Nvidia showed off some interesting developments in real-time simulation at its Montreal press event last week, several of which have now made their way onto YouTube in the form of audience recordings of the presentations.
The picture and audio quality are what you’d expect from impromptu handheld footage, but the content itself is impressive: notably FLEX, the unified simulation framework due to be introduced into PhysX next year.
Unified simulations via FLEX
The video above shows FLEX in action in a variety of situations, including semi-rigid bodies, coupled fluid and rigid-body simulations, and fluid simulations interacting with cloth.
There are a few nits to be picked – the ‘water’ in the demos sometimes looks a bit viscous, and the soft-body frog seems not to be preserving volume as it is shaken around – but they’re fairly minor issues.
The range of interactions possible is noteworthy, and the final demo, of multiple rigid objects floating and colliding inside a fluid simulation is particularly striking.
Nvidia also showed off Flame Works (above), intended to create “film-quality” volumetric effects. That’s probably a bit of an overstatment, but it certainly looks a viable alternative to particle-based FX in real-time work.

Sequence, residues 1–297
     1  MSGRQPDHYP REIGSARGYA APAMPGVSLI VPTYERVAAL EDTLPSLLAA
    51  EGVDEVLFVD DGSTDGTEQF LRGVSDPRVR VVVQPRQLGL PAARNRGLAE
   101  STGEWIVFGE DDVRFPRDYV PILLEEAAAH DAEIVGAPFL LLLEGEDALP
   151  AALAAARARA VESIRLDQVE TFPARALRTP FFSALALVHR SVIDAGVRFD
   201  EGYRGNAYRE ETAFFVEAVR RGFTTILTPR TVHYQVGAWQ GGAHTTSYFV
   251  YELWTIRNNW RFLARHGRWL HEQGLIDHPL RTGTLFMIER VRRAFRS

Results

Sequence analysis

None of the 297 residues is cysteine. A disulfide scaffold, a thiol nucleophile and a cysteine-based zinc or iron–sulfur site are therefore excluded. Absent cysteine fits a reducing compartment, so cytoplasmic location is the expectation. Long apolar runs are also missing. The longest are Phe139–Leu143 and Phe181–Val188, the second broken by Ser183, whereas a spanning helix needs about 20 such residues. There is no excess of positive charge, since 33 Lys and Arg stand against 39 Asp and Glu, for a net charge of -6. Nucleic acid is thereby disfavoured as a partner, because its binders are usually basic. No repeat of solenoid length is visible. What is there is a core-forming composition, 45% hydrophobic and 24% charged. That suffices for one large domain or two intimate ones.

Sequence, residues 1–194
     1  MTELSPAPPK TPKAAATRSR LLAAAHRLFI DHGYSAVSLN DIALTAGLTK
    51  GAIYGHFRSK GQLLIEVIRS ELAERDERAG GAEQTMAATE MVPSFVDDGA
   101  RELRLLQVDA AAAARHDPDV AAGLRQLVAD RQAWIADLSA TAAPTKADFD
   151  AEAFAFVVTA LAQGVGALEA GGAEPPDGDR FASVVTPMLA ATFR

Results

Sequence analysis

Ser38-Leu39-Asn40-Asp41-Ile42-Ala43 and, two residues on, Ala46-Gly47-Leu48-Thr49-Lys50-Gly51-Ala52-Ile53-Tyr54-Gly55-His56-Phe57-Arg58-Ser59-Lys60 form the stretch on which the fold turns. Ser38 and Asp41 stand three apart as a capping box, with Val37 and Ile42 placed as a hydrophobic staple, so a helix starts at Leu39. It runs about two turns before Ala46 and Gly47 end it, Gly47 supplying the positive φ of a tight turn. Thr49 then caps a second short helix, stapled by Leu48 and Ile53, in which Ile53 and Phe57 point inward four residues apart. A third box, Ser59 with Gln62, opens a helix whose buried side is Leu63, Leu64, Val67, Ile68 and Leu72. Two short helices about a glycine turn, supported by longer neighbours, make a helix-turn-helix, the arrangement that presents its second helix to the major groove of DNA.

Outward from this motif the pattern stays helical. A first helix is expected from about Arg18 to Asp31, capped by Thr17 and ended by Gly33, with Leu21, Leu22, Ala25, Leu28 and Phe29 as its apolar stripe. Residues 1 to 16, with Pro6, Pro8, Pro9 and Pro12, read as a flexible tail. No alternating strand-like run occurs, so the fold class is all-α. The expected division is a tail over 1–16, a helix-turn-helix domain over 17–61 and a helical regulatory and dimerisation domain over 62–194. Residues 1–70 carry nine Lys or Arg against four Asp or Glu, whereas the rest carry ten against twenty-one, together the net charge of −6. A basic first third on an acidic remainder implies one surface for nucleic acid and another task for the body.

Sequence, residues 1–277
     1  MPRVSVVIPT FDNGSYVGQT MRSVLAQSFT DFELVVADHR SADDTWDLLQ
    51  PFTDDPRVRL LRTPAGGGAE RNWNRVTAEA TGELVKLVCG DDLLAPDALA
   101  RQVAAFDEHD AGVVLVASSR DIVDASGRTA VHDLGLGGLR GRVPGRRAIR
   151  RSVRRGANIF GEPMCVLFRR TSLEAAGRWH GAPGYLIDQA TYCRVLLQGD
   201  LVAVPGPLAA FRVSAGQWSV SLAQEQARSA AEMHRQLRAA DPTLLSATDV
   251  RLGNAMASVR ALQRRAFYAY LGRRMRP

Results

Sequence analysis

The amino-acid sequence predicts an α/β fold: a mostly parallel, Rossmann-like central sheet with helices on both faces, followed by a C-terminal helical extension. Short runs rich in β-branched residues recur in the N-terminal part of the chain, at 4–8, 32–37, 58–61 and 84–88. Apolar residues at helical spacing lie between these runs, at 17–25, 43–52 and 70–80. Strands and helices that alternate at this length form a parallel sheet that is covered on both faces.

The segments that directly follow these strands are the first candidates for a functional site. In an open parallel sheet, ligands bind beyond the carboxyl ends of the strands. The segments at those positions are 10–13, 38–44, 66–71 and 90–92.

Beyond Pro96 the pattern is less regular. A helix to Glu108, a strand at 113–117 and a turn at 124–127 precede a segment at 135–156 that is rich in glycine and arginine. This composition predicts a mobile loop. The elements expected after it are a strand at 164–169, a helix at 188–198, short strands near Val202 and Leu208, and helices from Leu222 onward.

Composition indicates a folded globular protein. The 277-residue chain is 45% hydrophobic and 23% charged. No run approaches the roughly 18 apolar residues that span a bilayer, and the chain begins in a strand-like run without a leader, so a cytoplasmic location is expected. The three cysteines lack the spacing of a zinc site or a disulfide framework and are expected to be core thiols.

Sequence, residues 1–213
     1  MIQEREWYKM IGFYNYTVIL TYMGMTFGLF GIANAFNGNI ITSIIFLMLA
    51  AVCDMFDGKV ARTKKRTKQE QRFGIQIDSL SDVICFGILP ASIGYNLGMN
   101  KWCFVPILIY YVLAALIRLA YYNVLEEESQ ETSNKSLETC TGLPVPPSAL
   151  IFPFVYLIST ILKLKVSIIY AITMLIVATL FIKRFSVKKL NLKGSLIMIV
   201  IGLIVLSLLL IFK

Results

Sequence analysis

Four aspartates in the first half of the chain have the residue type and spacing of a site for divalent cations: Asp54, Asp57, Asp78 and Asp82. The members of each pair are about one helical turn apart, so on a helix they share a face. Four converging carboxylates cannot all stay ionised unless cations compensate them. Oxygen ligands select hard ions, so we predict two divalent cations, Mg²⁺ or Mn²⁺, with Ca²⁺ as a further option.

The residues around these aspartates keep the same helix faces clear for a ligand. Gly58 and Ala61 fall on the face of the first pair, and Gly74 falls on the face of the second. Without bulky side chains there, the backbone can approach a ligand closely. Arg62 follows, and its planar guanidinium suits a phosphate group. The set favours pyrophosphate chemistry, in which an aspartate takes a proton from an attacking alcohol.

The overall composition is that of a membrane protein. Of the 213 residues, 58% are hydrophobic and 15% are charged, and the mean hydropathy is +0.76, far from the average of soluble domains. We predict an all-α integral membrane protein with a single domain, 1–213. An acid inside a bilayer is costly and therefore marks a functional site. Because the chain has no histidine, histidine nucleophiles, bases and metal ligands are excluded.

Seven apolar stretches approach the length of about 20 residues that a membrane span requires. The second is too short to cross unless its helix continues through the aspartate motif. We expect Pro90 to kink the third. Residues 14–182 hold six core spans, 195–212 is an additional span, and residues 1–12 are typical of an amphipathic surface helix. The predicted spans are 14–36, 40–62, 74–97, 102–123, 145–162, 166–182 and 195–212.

Real-time rendering technologies were also on show. The video above kicks off with a look at Nvidia’s existing OptiX raytracing framework, adopted by Pixar in its GPU-based real-time relighting pipeline.
But at 08:35, you can also see a new addition to the VisualFX SDKs. GI Works is a scalable architecture for real-time global illumination, supporting colour bleeding, specular effects and emissive materials.
All three new technologies form part of Nvidia’s developer outreach program, formerly known as The Way It’s Meant To Be Played, but now rebranded as the slightly less tongue-twisting GameWorks.
Tags: cloth, Flame Works, FLEX, fluid, framework, GameWorks, GI, GI Works, global illumination, GPU, interaction, multi-physics, NVIDIA, real time, rigid body, SDK, simulation, soft body, unified simulation, VisualFX, volumetric